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- To restore to good working order, fix, or improve damaged condition; to mend; to remedy.
- to repair a house, a road, a shoe, a ship
- to repair a shattered fortune
- 1671, John Milton, “Samson Agonistes, […]”, in Paradise Regain’d. A Poem. In IV Books. To which is Added, Samson Agonistes, London: […] J. M[acock] for John Starkey […], →OCLC, page 44:
- Secret refreſhings, that repair his ſtrength,
- To make amends for, as for an injury, by an equivalent; to indemnify for.
- to repair a loss or damage
- See also Thesaurus:repair
to restore to good working order
- The act of repairing something.
- I took the car to the workshop for repair.
- The result of repairing something.
- If you look closely you can see the repair in the paintwork.
- The condition of something, in respect of need for repair.
- The car was overall in poor repair before the accident. But after the workshop had it for three weeks it was returned in excellent repair. But the other vehicle was beyond repair.
- 1962 March, J. M. Tolson, “The Netherlands Railways today—I”, in Modern Railways, page 172:
- The 1300 class (Nos. 1301-16), one of which was damaged beyond repair in an accident, are Co-Cos, weigh 111 tons and have a top speed of 85 m.p.h.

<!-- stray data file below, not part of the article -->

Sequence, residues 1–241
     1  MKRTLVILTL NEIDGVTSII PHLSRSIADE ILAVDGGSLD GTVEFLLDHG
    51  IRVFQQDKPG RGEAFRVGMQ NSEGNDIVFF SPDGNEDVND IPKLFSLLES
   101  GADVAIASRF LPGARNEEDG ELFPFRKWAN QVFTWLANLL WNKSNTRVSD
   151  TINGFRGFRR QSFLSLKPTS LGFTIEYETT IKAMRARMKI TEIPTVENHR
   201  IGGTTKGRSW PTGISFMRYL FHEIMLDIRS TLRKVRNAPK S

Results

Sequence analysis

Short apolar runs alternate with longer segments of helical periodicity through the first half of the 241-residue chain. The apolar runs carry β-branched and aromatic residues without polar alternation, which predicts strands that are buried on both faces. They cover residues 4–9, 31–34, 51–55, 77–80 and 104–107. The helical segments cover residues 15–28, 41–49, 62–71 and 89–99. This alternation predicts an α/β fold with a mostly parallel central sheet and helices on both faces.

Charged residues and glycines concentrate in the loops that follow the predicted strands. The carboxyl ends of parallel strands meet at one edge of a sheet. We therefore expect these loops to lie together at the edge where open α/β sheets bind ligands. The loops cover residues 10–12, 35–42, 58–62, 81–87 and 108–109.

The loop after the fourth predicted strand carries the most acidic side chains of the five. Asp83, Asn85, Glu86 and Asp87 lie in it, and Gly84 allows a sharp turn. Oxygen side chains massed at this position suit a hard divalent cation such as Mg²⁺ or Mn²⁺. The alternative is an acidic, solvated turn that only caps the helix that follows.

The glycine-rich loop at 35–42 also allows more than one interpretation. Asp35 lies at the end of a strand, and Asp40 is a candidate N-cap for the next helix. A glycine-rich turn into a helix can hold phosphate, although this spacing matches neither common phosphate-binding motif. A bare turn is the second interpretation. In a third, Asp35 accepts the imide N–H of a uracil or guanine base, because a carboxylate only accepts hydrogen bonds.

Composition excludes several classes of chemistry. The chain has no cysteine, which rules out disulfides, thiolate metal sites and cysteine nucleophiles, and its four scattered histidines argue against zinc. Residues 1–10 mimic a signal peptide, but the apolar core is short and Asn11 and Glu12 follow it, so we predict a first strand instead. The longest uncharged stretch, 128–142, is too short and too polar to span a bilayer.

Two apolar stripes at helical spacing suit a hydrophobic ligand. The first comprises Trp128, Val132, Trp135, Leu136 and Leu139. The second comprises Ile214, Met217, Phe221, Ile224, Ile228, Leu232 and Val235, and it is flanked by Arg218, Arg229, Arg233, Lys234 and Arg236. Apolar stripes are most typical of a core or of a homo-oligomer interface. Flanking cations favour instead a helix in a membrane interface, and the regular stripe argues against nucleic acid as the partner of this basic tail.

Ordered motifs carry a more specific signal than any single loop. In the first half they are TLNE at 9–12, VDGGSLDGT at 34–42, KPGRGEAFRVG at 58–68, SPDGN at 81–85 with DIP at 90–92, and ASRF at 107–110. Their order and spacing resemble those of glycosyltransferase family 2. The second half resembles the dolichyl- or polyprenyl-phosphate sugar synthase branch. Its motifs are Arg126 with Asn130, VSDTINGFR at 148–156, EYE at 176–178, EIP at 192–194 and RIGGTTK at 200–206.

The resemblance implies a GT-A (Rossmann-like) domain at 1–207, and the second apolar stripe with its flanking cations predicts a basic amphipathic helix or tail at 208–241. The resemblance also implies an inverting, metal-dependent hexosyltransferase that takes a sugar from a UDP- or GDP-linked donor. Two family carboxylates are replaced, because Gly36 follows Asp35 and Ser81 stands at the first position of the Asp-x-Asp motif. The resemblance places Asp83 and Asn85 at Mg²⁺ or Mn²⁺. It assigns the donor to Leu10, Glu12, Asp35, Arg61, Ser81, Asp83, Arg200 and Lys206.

- 2020 January 12, Benedict le Vay, “The heroes of Soham...”, in RAIL, number 948, page 43:
- Thirteen houses were damaged beyond repair, and much of the rest of the town suffered broken windows and lost slates.
act of repairing something
result of repairing something
- The translations below need to be checked and inserted above into the appropriate translation tables. See instructions at Wiktionary:Entry layout § Translations.
Translations to be checked
repair (plural repairs)
- The act of repairing or resorting to a place.
- our annual repair to the mountains
- 1702–1704, Edward [Hyde, 1st] Earl of Clarendon, “(please specify |book=I to XVI)”, in The History of the Rebellion and Civil Wars in England, Begun in the Year 1641. […], Oxford, Oxfordshire: Printed at the Theater, published 1707, →OCLC:
- The king sent a proclamation for their repair to their houses.
- A place to which one goes frequently or habitually; a haunt.
- 1668, John Dryden, Annus Mirabilis: The Year of Wonders, M. DC. LXVI. […], London: […] Henry Herringman, […], →OCLC, (please specify the stanza number):
- There the fierce winds his tender force assail / And beat him downward to his first repair.
place to which one goes often
- To transfer oneself to another place.
- to repair to sanctuary for safety
- 1960 April, B. Perren, “Resorts for Railfans -30: Bournemouth”, in Trains Illustrated, page 239:
- [...] the train engine uncouples and either backs on to the up through line to await its next duty or repairs to the motive power depot.
to transfer oneself to another place
- To pair again.
- Please try to repair the two earbuds to each other. Place both earbuds back into the charging case, wait for four seconds, then open it and see if they have been repaired with one another.
- “repair”, in Webster’s Revised Unabridged Dictionary, Springfield, Mass.: G. & C. Merriam, 1913, →OCLC.
- “repair”, in The Century Dictionary […], New York, N.Y.: The Century Co., 1911, →OCLC.
- “repair”, in Dictionary.com Unabridged, Dictionary.com, LLC, 1995–present.
- “repair”, in The American Heritage Dictionary of the English Language, 4th edition, Boston, Mass.: Houghton Mifflin, 2000, →ISBN.